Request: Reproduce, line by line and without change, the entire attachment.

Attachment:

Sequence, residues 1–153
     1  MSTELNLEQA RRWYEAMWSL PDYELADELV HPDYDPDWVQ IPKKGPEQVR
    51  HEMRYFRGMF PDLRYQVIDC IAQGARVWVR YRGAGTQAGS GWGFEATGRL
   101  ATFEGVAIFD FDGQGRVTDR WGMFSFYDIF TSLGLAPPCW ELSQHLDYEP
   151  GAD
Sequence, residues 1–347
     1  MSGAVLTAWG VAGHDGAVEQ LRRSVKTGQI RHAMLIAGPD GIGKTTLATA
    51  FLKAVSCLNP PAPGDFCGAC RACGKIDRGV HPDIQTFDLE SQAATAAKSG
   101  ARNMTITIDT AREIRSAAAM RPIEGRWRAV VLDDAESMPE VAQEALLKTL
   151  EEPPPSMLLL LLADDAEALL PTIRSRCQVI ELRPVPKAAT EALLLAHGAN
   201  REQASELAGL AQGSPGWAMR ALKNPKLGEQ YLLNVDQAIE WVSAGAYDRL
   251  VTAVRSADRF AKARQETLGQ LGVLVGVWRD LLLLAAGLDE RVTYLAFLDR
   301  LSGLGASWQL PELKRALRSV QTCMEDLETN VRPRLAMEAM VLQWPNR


Sequence, residues 1–153
     1  MSTELNLEQA RRWYEAMWSL PDYELADELV HPDYDPDWVQ IPKKGPEQVR
    51  HEMRYFRGMF PDLRYQVIDC IAQGARVWVR YRGAGTQAGS GWGFEATGRL
   101  ATFEGVAIFD FDGQGRVTDR WGMFSFYDIF TSLGLAPPCW ELSQHLDYEP
   151  GAD
Sequence, residues 1–347
     1  MSGAVLTAWG VAGHDGAVEQ LRRSVKTGQI RHAMLIAGPD GIGKTTLATA
    51  FLKAVSCLNP PAPGDFCGAC RACGKIDRGV HPDIQTFDLE SQAATAAKSG
   101  ARNMTITIDT AREIRSAAAM RPIEGRWRAV VLDDAESMPE VAQEALLKTL
   151  EEPPPSMLLL LLADDAEALL PTIRSRCQVI ELRPVPKAAT EALLLAHGAN
   201  REQASELAGL AQGSPGWAMR ALKNPKLGEQ YLLNVDQAIE WVSAGAYDRL
   251  VTAVRSADRF AKARQETLGQ LGVLVGVWRD LLLLAAGLDE RVTYLAFLDR
   301  LSGLGASWQL PELKRALRSV QTCMEDLETN VRPRLAMEAM VLQWPNR